Alabama Aerospace Benchmarks
A year of major expansions
Marshall engineers installed the injector in a subscale RS-25 engine model, and the engine was hot-fired exposing the part to temperatures of nearly 6,000 degrees Fahrenheit while burning liquid oxygen and gaseous hydrogen. A series of tests was completed at NASA’s Marshall Space Flight Center in Huntsville, Ala.
NASA — looking beyond the moon
Aiming beyond the moon, NASA continues to awaken the world’s imagination, not just with dreams of places out of this world but also with the first steps on the path toward reaching them.
Based at NASA’s Marshall Space Flight Center in Huntsville, the $1.8 billion Space Launch System is the federal agency’s highest priority program. It aims to take humans back to space — to the moon, nearby asteroids and even to Mars.
Working in partnership with the federal agency, prime contracts include ATK for solid rocket boosters, Boeing Co. for the core state and Aerojet Rocketdyne for the engines, with plans for United Launch Alliance to create the cryogenic upper stage, says NASA Public Affairs Officer Jennifer Stanfield.
New to the rocket program is experimentation with 3D printing of parts, to help with cost control and to make it possible to obtain parts when far from earth. It’s a cool enough concept that NASA includes video of parts testing on its website. Check it out here.
And, keeping current projects under scrutiny, Huntsville’s Teledyne Brown has a $120 million contract with NASA to manage all the science experiments underway on the International Space Station.
All these NASA projects, however, feel the shadow of sequestration looming over their budgets and the agency director says funding cuts will probably delay every
Airbus breaks ground
Good news last year turned even better this year as the long-hoped-for arrival of Airbus in Mobile moved from announcement to earth moving. In a ceremony more like a festival than a traditional business move, hundreds of Mobilians and state officials joined Airbus leaders to break ground at Brookley Aeroplex in April, while non-ceremonial earthmoving equipment hovered in the background.
The European air giant plans to assemble its A320 neo family of single-aisle jets at the plant, with production beginning in 2014 and the first plane rolling out in 2016 — a $600 million investment promising 1,000 direct jobs.
The same day that Airbus broke ground, Safran Engineering Services —a French firm and the first of what economic developers hope will be dozens of Airbus suppliers — opened its doors on the other side of the airfield-plus-business park.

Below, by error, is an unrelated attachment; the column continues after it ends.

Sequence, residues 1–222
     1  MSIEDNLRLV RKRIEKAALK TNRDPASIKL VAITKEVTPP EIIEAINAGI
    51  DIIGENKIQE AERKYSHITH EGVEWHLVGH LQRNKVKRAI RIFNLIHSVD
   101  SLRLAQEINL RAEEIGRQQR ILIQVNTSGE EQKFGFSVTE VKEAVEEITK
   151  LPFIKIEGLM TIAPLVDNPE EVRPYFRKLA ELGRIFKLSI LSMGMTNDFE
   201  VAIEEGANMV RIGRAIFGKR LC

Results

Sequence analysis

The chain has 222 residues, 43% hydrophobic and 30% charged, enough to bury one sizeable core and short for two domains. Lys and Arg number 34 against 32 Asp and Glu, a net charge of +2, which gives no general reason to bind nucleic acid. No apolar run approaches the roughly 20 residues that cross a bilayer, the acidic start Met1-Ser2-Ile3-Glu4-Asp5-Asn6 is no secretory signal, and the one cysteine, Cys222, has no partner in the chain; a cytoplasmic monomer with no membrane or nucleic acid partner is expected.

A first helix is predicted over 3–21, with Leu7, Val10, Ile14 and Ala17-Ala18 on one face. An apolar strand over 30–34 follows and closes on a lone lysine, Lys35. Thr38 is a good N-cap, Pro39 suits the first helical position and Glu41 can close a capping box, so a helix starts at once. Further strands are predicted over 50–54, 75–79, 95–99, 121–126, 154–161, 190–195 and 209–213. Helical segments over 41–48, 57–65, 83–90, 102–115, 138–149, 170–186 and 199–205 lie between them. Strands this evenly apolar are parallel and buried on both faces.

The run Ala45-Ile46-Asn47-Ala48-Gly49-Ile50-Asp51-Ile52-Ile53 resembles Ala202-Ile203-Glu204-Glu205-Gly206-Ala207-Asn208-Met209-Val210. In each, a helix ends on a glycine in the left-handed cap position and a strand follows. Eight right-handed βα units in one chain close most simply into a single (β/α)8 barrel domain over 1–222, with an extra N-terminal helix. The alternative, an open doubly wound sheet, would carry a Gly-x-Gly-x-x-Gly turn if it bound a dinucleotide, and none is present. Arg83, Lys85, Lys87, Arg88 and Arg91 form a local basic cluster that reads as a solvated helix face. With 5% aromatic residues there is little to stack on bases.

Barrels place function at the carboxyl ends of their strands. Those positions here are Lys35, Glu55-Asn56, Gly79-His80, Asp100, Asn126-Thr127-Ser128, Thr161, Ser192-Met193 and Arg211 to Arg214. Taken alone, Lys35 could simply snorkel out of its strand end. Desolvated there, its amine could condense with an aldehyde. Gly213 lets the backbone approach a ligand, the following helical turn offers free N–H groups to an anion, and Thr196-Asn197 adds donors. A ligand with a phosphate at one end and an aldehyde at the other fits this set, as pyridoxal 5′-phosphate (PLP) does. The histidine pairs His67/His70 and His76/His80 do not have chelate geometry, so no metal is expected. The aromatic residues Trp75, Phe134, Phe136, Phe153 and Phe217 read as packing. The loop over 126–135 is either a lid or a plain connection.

Under the direction of Birmingham’s Hoar Program Management, multiple contracts have been let for various phases of the project and a variety of key jobs have been posted, with the first few now filled.
Promises from Airbus Americas Chairman Allan McArtor that Mobile is the firm’s industrial home as long as there’s space available warmed the hearts of economic developers.
And civic leaders regard the recruiting coup with enthusiasm.
“There’s something glamorous and exciting about flying,” Bill Sisson told Business Alabama in the spring. Then head of the Mobile Airport Authority, which includes Brookley, and now president of the Chamber of Commerce, Sisson says flying “captures the imagination of so many people. There are very few places in the world where large aircraft are assembled. To be one of those places is extraordinary.”
Kaiser won a major U.S. Army contract last December to perform parts manufacturing, kitting and more on UH-60 Blackhawk helicopters. The contract covers some 800 kits and 560 helicopters, Kaiser President and CEO Ron Aramini says.
Kaiser builds on remnants of Pemco, Alabama Aircraft
Since winning a major U.S. Army helicopter maintenance contract and relocating its corporate headquarters to Birmingham, Kaiser Aircraft Industries Inc. has more than doubled its workforce and begun to step forward from the corporate remains of Pemco and Alabama Aviation, the Birmingham Business Journal reports.
As of midsummer, the company, which is located at Birmingham-Shuttlesworth Airport, had hired 50 new employees, bringing its workforce to more than 100 with plans to continue adding employees.
Kaiser bought what was left of Alabama Aircraft Industries from bankruptcy for $500,000, the Birmingham business paper reports. The company originally came to Birmingham as Pemco Aviation Group in 1999 and changed its name in 2007. At about the same time, the company lost a $1 billion contract to Boeing and floundered through layoffs, pension cuts and eventually bankruptcy.
When Kaiser acquired the business, its president, Doug McMinn, said in a press statement that he was pleased the company “will save and create hundreds of jobs in the Birmingham, Alabama area.”
Vector-Hawk introduces new engine cleansing system